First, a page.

Esterhuizen. Esterhuizen gave expert evidence at the arbitration hearing.
Esterhuizen concluded that in his opinion the numerical figure eight in the gang
register reported was inserted by the second applicant.
 With regard to the second charge, the third respondent contended that, when
the second applicant was confronted about the allegations of claiming overtime that
was not worked, he yelled and swore at Ferns and others adopting a threatening and
an insolent stance towards Ferns and other officials of the third respondent. He
allegedly threatened members of the third respondent with a strike if any charges
were brought against him.
See page 52 Bundle of documents
 With regard to the third charge, Patrick Sihlangu (“Sihlangu”) testified that
whilst he was off duty he received a phone call, which he believed to have been from
the second applicant because he recognised his voice. The person told him that
‘either one of us must die’. Sihlangu further testified that he later received a call from
a person who identified herself as the second applicant’s wife. This apparently led to
Sihlangu laying a charge of intimidation against the second applicant with the police.
Grounds for review
 The applicants allege that the commissioner committed misconduct, gross
irregularities and had exceeded his powers. Applicants have listed 26 grounds for
review many of which are repetitive. The list of grounds can be summed up as
14.1 The first set of grounds deals with the allegation of fraud that the second
applicant had inserted an eight in the gang register claiming overtime for which he
did not work. In this regard, the commissioner’s finding is attacked on the following
14.2 The commissioner should have found that Esterhuizen was not well qualified
as an expert and that the evidence given by him was not sufficient but merely based
14.3 The commissioner failed to assess and compare Esterhuizen’s evidence with
direct evidence led on behalf of the second applicant in light of undisputed facts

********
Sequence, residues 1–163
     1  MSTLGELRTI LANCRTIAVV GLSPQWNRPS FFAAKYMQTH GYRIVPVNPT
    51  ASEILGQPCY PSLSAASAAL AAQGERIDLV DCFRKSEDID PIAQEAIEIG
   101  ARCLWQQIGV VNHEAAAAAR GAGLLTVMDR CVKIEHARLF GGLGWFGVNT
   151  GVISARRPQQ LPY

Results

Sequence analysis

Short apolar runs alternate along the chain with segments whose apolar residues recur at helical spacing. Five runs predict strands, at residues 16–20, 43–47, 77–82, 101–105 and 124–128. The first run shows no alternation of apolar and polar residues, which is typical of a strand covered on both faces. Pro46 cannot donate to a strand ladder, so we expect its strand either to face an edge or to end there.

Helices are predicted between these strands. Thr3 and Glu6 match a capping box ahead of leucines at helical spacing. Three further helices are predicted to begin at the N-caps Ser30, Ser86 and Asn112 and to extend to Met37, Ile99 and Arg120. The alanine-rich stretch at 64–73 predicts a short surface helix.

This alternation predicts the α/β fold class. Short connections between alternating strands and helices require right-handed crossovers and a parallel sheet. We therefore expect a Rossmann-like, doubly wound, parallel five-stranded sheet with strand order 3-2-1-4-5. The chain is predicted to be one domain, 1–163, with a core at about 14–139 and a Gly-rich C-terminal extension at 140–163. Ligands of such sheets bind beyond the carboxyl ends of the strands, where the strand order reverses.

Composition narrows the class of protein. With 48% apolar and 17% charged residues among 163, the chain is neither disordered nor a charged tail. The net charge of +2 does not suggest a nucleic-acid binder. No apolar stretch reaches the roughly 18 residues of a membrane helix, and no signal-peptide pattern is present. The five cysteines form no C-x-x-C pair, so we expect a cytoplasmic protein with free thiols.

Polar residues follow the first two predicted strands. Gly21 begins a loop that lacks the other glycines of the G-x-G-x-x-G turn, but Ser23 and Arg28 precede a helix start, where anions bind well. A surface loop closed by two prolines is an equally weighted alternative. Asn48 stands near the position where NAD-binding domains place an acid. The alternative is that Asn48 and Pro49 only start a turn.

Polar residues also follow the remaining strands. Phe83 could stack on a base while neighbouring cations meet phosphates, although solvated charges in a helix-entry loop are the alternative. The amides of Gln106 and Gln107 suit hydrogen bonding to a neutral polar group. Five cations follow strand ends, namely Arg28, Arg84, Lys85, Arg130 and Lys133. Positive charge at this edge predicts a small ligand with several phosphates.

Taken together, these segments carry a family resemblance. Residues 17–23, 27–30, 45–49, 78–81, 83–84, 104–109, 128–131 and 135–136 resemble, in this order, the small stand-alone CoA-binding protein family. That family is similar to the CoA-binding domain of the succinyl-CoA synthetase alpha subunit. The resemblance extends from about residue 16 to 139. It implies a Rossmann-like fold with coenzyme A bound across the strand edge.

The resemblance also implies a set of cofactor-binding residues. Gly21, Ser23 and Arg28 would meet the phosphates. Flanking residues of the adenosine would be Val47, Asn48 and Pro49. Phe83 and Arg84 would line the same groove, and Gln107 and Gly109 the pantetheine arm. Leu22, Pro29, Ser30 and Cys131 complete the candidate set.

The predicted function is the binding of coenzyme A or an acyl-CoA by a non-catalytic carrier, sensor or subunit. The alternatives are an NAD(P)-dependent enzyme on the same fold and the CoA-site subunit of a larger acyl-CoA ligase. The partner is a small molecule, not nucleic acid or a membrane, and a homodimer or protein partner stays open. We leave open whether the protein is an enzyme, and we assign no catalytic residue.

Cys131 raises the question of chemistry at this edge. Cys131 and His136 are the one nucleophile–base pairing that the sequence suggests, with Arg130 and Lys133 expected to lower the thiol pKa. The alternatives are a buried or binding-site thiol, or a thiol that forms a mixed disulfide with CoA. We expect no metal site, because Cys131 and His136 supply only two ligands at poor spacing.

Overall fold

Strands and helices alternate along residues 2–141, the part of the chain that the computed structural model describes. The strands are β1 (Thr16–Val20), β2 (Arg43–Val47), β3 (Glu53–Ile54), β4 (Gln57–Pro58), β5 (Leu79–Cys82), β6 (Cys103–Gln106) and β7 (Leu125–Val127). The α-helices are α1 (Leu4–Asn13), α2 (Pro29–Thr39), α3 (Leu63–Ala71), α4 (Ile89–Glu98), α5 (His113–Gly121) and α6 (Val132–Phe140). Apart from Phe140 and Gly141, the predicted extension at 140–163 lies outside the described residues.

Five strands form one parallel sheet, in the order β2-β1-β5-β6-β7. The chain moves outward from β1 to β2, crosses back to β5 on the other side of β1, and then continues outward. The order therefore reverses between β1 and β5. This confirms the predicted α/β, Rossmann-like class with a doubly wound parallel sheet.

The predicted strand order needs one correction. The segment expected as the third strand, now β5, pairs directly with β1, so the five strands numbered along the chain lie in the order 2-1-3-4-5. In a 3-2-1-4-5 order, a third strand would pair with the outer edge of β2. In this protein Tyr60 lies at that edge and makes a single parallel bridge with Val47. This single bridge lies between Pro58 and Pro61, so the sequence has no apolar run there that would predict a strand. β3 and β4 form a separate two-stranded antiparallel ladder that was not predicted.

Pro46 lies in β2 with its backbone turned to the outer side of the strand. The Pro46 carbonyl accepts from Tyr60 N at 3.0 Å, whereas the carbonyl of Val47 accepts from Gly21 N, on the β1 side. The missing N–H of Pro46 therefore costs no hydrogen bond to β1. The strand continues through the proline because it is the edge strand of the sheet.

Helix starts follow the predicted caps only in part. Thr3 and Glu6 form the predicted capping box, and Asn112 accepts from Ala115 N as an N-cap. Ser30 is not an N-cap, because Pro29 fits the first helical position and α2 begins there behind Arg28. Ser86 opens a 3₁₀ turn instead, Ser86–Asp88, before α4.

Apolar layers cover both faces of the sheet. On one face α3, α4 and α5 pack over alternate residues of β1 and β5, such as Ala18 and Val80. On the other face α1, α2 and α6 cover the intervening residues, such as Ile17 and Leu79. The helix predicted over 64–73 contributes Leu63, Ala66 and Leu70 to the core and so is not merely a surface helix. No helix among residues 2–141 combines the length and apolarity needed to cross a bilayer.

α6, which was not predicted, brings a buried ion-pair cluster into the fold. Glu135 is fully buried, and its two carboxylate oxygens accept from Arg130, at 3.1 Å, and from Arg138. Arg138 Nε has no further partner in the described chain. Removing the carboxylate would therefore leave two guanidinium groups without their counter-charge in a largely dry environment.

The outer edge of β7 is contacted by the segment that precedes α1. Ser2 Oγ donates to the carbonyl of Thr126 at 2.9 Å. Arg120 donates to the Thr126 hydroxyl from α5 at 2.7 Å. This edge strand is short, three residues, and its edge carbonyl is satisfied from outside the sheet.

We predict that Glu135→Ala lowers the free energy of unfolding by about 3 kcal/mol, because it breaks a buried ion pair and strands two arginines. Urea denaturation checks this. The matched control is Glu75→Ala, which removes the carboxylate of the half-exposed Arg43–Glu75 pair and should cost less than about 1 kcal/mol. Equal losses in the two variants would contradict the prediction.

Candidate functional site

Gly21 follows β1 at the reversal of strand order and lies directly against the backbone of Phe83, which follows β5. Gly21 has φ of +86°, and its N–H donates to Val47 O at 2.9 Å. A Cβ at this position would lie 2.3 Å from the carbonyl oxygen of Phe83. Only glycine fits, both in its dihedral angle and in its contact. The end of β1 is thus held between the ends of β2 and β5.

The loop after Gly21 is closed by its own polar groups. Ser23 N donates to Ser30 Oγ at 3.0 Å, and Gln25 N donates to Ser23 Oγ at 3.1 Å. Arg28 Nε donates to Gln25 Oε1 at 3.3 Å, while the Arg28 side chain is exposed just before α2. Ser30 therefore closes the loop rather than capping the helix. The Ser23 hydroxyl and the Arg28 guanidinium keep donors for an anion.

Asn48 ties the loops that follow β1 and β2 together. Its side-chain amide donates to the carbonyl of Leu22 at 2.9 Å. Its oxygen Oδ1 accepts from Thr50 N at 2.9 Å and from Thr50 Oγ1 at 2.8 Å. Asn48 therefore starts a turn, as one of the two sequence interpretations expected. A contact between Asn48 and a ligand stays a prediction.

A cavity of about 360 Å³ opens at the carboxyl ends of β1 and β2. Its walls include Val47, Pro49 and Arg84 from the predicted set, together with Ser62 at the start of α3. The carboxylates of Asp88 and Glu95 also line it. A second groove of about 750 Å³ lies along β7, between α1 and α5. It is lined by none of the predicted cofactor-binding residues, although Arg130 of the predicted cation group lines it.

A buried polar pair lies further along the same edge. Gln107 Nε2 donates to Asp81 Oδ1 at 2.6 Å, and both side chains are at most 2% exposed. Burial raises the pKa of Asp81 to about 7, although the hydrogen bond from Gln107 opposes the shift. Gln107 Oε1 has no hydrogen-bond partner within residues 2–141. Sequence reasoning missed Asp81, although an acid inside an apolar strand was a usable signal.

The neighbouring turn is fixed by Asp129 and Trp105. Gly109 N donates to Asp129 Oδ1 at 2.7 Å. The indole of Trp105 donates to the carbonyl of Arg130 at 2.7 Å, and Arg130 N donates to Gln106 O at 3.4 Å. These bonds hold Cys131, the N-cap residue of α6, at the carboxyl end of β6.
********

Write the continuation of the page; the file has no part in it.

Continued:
before him. He failed to deal with the credibility of witnesses and reliability of different
versions. His findings on the probabilities of the dispute were improperly made and
no sufficient reasons were given in relation to that.
14.4 The commissioner’s finding that the second applicant had in fact affixed the
eight for overtime in the gang register is not substantiated by evidence but based on
assumption. In this regard, the commissioner failed to take into account undisputed
evidence led by the second applicant.
14.5 He failed to investigate the use of two different colour pens used in a gang
register. This difference should have suggested to the commissioner that two people
would have written in the gang register.
14.6 The commissioner failed to caution the applicants to also bring an expert
witness and to warn the applicants to put their full version to the applicants’
14.7 The commissioner failed to determine whether the second applicant had
worked on 11 September 2011 take into account that it was humanly impossible to
work for 20 hours.
14.8 The second set of grounds for review deals with allegations of intimidation
and threatening behaviour and/or alleged gross insubordination by the second
applicant towards his supervisor George Ferns and two other officials and
subsequently to Patrick Mahlangu over the telephone. In this regard, the applicants
allege that the commissioner took into account irrelevant evidence of the NUM’s
branch attitude and this constitutes misconduct and demonstrated bias on the part of
14.9 The commissioner should not have drawn an inference from the second
applicant raising his voice when answering questions under cross-examination.
14.10 The commissioner failed to warn the applicants’ representatives against their
failure to put their full version on third respondent’s witnesses and on their failure to
fully respond to the third respondent’s case against the second applicant.